Team: Jonathan Gray (facilitator), Olga Boichak, Agata Brillhi, Claudia Minchilli, Coral Negrón, Mariasilvia Poltronieri, Chiara Riente, Gülüm Şener and Paola Verhaert
Collaboration between: Digital Methods Initiative, Density Design and Amnesty International
In June 2016 Amnesty International launched their Amnesty Decoders project, dedicated to creating a network of “hundreds of digital volunteers helping us expose human rights violations, one click at a time" (Amnesty International, 2016). Their first project was a crowdsourcing project to analyse a digitised collection of tens of thousands of Urgent Action documents in order to “understand when and where [Amnesty’s] campaigning has been most effective”.
We analysed the data from the Amnesty Decoders project in order to understand what the decoded data tell us about the outcomes of Amnesty's actions around te world.
Apart from studying the user engagement with the Decoders Project, we analysed and visualised the decoded data of the Urgent Actions, with our main focus on the geographical and temporal trends in the database.
Team: Jeroen de Vos, Nick Forrester, Daria Asmolova, Paola Verhaert, Lorenzo Piazzoli
Police: Nico, Arthur, John
Collaboration between: Digital Methods Initiative and the Federal Police of the Netherlands
In collaboration with the Dutch police force, we analysed the relation of language and distribution in the dynamics of platform-specific engagement with and exposure to radical content. More broadly our objective was to understand the hypothetical journey of radicalization through Youtube, Twitter and Facebook Identifying the distribution of local and global radical networks and main actors.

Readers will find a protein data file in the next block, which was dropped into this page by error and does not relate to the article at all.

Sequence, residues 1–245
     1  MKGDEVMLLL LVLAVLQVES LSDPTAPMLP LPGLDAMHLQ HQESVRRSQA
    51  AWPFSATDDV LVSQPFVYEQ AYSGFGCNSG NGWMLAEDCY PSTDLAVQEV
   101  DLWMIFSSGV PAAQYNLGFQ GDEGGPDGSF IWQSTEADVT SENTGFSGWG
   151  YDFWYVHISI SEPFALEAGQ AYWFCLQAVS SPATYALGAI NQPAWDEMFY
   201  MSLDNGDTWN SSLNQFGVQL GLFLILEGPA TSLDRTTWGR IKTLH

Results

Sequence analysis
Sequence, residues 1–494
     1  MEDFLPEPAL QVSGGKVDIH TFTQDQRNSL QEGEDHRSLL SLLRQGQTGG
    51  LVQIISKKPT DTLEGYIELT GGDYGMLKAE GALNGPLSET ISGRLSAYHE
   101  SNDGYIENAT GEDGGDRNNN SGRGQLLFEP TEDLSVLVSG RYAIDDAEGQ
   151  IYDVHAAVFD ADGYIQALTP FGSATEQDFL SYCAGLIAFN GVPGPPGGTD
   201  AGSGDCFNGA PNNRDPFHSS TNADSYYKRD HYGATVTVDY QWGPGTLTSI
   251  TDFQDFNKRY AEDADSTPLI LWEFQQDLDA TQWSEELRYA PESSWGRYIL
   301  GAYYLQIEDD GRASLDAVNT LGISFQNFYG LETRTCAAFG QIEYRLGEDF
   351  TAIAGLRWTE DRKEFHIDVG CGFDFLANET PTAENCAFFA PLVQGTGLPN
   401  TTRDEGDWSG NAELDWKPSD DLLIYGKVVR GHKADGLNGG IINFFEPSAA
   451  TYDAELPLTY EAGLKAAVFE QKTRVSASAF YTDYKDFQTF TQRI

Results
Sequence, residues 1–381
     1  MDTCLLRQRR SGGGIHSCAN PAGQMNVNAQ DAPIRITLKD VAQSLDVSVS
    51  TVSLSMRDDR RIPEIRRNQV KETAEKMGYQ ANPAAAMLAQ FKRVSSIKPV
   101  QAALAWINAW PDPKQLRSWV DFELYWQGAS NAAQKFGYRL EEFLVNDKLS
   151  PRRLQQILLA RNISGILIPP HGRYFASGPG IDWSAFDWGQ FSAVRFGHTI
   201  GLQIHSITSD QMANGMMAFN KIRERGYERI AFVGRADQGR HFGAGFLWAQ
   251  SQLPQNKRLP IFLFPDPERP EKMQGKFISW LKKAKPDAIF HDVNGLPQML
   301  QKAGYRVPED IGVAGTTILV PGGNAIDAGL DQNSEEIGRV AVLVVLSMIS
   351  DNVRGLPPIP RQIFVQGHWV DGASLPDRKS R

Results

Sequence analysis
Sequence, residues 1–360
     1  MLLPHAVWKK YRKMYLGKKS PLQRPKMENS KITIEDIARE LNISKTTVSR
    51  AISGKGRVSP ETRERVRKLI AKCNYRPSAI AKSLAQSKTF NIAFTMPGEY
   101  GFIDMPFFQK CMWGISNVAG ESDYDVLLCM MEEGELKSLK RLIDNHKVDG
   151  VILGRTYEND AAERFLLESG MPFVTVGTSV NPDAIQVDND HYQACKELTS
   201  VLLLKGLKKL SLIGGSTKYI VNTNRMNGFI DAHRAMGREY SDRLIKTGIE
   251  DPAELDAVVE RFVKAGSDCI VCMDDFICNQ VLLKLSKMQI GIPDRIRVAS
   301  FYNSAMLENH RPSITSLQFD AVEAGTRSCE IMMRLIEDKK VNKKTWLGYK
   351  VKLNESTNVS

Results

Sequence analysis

Our aims were to understand the hypothetical journey of radicalization through three social media platforms (YouTube, Twitter and Facebook), and to identify the distribution of local and global radical networks and actors.
Twitter network mapped comparing a date range in May with one in June.
Co-hashtag analysis: network detail highlighting hashtags connected to the Orlando shooting in Arabic and in English
"We never asked."
The Role of the Belgian Trade Unions in the International Solidarity Campaigns for Chile and Argentina (1970-1990)
MA Thesis in Political History
Vrije Universiteit Brussel
During the 1970s and the 1980s, both the Argentine and Chilean civil societies found themselves trapped under the thumb of brutal military regimes. Three years after the military coup of 1973 in Chile, Argentina began to pant under the dictatorship led by General Videla. While these dictatorships heralded the beginning of a black chapter in history of these two nations, solidarity movements for Chile and Argentina arose abroad from the newly emerged international human rights network.